CH 1 - Package Managers

Use one, seriously just do it!

Package managers are used to easily install software on your machine. I used package managers extensively while working with Linux operating systems. Recently, good variants have become available to Mac OS and this has been a game changer. Packages help ensure software is interoperable. For example, a frequent challenge for new Linux users is compiling code, e.g. turning raw code into a functional application. Most often, the user runs in a series of failed compiles; requiring them to decipher cryptic error messages then compile missing dependencies. With package managers, user benefits from the community (crowd) working together to package software and resolve depedencies.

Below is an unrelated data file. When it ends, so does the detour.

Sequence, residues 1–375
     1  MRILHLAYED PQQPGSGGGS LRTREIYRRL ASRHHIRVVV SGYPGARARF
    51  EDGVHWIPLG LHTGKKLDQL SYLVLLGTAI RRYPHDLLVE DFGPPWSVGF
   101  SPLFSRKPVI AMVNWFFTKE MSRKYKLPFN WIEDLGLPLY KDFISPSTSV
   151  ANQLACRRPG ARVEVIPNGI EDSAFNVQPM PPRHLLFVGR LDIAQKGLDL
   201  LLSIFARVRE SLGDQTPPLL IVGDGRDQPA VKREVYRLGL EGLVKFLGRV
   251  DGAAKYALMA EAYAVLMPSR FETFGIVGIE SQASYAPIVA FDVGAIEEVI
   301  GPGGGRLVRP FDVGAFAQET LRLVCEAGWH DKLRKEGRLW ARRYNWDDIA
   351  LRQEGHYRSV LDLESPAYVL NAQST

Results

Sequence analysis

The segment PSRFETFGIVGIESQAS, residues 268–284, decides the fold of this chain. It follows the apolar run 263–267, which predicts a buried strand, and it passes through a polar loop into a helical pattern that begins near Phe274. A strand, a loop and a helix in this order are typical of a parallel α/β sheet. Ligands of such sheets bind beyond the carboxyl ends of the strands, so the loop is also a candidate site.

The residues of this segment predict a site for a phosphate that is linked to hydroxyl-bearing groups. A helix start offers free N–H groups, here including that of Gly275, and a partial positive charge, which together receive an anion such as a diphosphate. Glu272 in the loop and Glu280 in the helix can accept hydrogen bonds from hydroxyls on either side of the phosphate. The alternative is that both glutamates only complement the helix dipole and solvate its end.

Packages can be kept seperate from the software shipped with your machine. For example, your Mac ships with Python, while you can change or upgrade the system Python installation, this can introduce weird issues with other software on your system. A package manager, on the other hand, installs to a new isolated directory (e.g. usr/local/cellar) where you can install, uninstall, and switch between versions of software packages, without touching your system installations.

You don't know what you're missing!